As a holistic health coach, I am sure you will all guess that I am not a huge advocate for protein powders. It comes with the territory I guess. But many of my clients ask me why?
- Most people (even athletes) can get the protein they need by eating real protein rich foods. This argument is supported by both Barbara Lewin, RD, LD, a dietician and sports nutritionist who has worked with NFL, NBA, and NHL athletes and trained Ironman competitors, as well as Carole Conn, PhD, RD, CSFD, associate professor of nutrition at the University of New Mexico in the article published here. Protein powders aren’t essential to a healthy life, however real food is.
- FACT: There is not one single food that exists in nature as 100% protein: A piece of steak is approximately 42%-48% protein, a piece of chicken breast is approximately 22%-28% protein… Why? Because to break down protein and assimilate it effectively, we require a whole range of vitamins, minerals and their naturally occurring chemical reactions within the human body, that simply don’t exist in a tub of protein powder, but hey… who am I to judge? 🙂
All that said, just because I don’t promote the use of protein powders, doesn’t mean you have to write them off completely. Like all processed food we choose to ingest, some options are better than others and as such, there exists a few beacons of hope amongst a sea of some well, pretty terrible options. If you simply can’t bare the thought of ditching your shake habit, take my guide to purchasing protein powder and apply it to your next purchase.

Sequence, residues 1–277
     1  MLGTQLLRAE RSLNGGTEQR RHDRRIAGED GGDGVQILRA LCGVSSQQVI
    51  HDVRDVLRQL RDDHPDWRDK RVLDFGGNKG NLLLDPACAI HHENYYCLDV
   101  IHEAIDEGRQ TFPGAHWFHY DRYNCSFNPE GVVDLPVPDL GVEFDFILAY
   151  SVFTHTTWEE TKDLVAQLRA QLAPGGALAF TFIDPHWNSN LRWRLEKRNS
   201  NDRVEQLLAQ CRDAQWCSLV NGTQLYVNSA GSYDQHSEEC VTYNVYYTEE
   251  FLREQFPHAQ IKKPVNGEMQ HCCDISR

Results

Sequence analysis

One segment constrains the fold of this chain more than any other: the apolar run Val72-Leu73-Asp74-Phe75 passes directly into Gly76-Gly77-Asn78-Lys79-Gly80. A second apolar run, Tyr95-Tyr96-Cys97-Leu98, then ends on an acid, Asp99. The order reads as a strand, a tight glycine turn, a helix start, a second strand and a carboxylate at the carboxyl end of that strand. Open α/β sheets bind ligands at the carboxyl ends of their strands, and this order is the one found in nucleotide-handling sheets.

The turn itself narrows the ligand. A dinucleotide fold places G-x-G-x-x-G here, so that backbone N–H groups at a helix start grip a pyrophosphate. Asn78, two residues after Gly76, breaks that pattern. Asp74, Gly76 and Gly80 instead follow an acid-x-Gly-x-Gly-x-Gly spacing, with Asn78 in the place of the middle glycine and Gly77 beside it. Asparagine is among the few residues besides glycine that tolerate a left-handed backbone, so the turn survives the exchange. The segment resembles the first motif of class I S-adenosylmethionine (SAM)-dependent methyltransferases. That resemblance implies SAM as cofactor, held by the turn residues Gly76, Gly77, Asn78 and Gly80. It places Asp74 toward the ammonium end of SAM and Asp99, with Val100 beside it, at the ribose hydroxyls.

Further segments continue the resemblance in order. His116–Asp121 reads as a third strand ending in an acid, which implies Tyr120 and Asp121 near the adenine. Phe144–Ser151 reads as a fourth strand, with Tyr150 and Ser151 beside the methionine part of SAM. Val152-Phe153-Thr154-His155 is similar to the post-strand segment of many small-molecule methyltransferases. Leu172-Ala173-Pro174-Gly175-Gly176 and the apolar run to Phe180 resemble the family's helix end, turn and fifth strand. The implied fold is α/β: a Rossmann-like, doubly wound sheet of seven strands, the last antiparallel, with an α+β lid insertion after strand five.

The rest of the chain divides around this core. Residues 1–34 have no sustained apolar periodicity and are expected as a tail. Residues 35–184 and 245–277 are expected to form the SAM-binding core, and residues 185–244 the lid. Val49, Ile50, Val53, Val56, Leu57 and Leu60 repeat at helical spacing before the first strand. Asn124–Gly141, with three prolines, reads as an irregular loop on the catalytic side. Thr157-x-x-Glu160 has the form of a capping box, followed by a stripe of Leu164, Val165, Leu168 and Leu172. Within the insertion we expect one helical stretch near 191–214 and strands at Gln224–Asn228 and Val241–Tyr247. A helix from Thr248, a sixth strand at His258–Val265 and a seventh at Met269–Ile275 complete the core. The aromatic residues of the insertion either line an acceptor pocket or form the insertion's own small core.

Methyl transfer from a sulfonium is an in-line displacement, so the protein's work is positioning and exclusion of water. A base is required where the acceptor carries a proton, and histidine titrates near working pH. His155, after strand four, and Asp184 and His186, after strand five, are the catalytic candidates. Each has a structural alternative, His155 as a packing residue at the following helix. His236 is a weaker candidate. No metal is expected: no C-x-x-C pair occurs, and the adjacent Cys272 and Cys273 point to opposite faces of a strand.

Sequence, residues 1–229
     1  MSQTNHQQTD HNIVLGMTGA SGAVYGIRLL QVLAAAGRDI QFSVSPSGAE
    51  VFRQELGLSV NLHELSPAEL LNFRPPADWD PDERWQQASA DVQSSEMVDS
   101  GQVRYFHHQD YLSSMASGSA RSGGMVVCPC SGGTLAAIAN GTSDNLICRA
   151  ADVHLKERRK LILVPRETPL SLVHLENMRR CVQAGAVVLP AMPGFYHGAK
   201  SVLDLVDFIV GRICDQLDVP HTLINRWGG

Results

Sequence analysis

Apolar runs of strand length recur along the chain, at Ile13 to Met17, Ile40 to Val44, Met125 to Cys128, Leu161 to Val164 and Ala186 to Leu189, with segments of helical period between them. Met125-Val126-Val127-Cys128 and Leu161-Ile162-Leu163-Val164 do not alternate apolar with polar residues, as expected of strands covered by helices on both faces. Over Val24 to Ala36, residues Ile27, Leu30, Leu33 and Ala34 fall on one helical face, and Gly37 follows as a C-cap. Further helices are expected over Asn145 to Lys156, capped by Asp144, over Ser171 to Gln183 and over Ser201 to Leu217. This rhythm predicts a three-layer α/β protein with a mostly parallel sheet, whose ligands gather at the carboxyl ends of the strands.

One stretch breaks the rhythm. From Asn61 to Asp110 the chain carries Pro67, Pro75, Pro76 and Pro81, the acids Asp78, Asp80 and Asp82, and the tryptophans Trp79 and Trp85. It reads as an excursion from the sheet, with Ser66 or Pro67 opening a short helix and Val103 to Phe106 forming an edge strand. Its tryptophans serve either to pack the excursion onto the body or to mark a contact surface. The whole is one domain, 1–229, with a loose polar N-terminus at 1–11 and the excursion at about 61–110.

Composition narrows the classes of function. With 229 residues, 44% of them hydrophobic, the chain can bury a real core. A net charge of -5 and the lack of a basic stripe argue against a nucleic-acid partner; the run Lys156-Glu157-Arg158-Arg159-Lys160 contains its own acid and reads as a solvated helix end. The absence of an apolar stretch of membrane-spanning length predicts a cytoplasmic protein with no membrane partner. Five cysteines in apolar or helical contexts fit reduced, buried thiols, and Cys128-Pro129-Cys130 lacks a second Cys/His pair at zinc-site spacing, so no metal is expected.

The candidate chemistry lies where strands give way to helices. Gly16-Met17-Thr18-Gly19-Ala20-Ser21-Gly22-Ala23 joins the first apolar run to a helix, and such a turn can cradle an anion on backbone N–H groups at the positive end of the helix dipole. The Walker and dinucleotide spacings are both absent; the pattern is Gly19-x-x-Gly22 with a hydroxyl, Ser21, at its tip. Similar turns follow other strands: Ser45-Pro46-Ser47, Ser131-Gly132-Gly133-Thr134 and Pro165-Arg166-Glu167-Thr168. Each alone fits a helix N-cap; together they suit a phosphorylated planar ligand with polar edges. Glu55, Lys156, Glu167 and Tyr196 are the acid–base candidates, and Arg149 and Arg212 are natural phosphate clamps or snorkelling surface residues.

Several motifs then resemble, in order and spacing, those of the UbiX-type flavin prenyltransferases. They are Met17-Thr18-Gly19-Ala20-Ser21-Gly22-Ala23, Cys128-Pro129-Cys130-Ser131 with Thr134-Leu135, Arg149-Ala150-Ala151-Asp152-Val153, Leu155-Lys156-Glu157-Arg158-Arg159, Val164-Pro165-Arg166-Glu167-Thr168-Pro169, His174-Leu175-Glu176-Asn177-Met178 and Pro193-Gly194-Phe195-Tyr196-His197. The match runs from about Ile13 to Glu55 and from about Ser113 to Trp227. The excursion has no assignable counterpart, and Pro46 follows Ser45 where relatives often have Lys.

9 Tips For Purchasing Protein Powder
When buying protein powder ensure the product is organic and free from any added chemicals or hormones. Organic is a great marketing tool for suppliers and if they could label a product organic, they would. If its not organic, then what’s in it?
- Soy Free
Choose a protein powder free from any soy products. For more information on soy click here.
Choose protein powder free from any GMO’s. This includes Soy, Corn, High Fructose Corn Syrup and wheat additives.
- Free From Artificial Sweeteners
Aspartame, saccharin and artificial colours are often found lurking on the ingredients labels of protein powders. These are all considered toxic to our health. You can read more on the effects of sweeteners used in protein powders here.
- Free From Toxic Heavy Metals
A Consumer Report published in July 2010 found that 3 of the 15 protein powders tested in the US contained high levels of arsenic, cadmium, lead and mercury!! Although this test was conducted in the US, this is something to be aware of. You can find this report here.
- Ensure it is Processed Using 100% Acid Free Methods
Because whey is produced from milk, many conventional extraction practices include the use of chemicals and synthetics to extract the whey protein from fats. This Acid or Ion Exchange process has been known to denature the amino acid profiles and has also been know to leave toxic metals in the mix. Be sure to check with the supplier of other Pea, Rice and Hemp protein powders to ensure their methods of extraction are also chemical free. For those of you going down the path of whey protein powders…
- Ensure it is Grass-Fed
Whey protein is produced from dairy and as such the health of the cow needs to be considered. Just like meat, grass-fed cows produce nutritionally superior milk than grain fed. Whey protein produced from grass-fed cows is naturally rich in healthy fats, lipolic acid and CLA.
- Ensure it is Cold Processed